Quote: Wang X, Cho HY, Campbell MR, Panduri V, Coviello S, Caballero MT, Sambandan D, Kleeberger SR, Polack FP, Ofman G, Bell DA. 2022. Epigenome-wide association study of bronchopulmonary dysplasia in preterm infants: findings from the discovery-BPD program. Clin Epigenetics 14(1):57.

Scientists assess epigenetics of lung function across ancestors

A large-scale, multi-ancestry study by NIEHS researchers and their collaborators provides a comprehensive assessment of epigenome-wide DNA methylation in relation to lung function.

Lung function is affected by both genetics and environmental exposures. Large genome-wide association studies have identified more than 300 loci related to lung function, but much of the variability remains unexplained. Epigenetic marks, such as methylation (chemical changes that can alter gene expression without affecting the underlying DNA sequence), are influenced by and can contribute to genetics and the environment. Epigenome-wide studies have revealed certain associations between lung function and cytosine-phosphate-guanine (CpG) sites, which are regions where a cytosine nucleotide is followed by a guanine nucleotide in the linear sequence of basics. But replication has been limited, with most research focusing on European populations and no large-scale multi-ancestry studies published.

To overcome these limitations, the researchers performed epigenome-wide analyzes of blood DNA methylation and lung function in 17,503 adults of European, African, and Hispanic/Latino ancestry. Lung function was linked to DNA methylation at 1,267 CpG sites spanning 1,042 genes. The vast majority of these genes had never been implicated in lung function. Although most signals were consistent across ancestries, some were potentially unique to people of African descent. Some of the genes involved are targets for approved or experimental drugs.

These results can be exploited to understand the mechanisms that regulate lung function, develop diagnostic and prognostic biomarkers of respiratory diseases and identify potential targets for preventive and therapeutic strategies.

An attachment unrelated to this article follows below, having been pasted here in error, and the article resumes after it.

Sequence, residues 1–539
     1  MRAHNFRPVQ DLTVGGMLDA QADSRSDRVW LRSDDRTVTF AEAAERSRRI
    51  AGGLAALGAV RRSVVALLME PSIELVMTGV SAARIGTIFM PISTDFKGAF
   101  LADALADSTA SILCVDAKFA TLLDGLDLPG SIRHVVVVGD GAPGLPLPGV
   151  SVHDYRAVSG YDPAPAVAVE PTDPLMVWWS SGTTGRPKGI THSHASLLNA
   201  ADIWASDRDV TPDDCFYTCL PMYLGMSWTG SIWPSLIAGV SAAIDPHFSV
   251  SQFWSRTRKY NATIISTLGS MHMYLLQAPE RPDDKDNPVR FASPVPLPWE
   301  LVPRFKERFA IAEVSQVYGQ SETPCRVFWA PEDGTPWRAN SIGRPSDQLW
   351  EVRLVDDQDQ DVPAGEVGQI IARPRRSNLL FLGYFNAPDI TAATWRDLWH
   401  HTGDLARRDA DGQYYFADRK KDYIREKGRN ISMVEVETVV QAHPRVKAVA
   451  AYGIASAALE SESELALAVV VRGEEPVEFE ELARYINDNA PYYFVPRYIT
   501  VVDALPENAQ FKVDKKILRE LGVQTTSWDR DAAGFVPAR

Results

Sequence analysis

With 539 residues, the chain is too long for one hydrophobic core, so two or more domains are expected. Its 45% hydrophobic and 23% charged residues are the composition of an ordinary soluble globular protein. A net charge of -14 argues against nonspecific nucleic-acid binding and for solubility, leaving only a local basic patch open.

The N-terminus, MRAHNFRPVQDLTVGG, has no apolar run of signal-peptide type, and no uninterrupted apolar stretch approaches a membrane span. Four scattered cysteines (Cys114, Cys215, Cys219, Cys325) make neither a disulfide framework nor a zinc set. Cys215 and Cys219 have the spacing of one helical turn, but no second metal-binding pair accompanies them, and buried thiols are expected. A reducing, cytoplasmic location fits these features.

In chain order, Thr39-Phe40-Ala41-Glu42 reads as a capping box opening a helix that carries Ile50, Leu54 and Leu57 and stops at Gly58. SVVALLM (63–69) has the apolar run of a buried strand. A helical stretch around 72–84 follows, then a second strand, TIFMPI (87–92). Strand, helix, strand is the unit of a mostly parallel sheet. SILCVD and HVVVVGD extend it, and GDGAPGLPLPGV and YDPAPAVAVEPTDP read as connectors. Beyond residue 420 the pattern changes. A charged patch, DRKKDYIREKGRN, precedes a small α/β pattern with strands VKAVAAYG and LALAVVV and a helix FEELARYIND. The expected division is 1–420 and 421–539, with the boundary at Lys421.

Quote: Lee M, Huan T, McCartney DL, Chittoor G, de Vries M, Lahousse L, Nguyen JN, Brody JA, Castillo-Fernandez J, Terzikhan N, Qi C, Joehanes R, Min JL, Smilnak GJ, Shaw JR, Yang CX , Colicino E, Hoang TT, Bermingham ML, Xu H, Justice AE, Xu CJ, Rich SS, Cox SR, Vonk JM, Prokić I, Sotoodehnia N, Tsai PC, Schwartz JD, Leung JM, Sikdar S, Walker RM, Harris SE, van der Plaat DA, Van Den Berg DJ, Bartz TM, Spector TD, Vokonas PS, Marioni RE, Taylor AM, Liu Y, Barr RG, Lange LA, Baccarelli AA, Obeidat M, Fornage M, Wang T, Ward JM , Motsinger-Reif AA, Hemani G, Koppelman GH, Bell JT, Gharib SA, Brusselle G, Boezen HM, North KE, Levy D, Evans KL, Dupuis J, Breeze CE, Manichaikul A, London SJ; BIOS Consortium, GoDMC. 2022. Lung function and blood DNA methylation: a multi-ancestry epigenome-wide association meta-analysis. Am J Respir Crit Care Med; doi:10.1164/rccm.202108-1907OC [Online 10 May 2022].

Prenatal exposure to phthalates may predispose children to obesity

According to NIEHS researchers and their collaborators, endocrine disruptors called phthalates are linked to both lower fatness and lower birth weight, and higher fatness during childhood.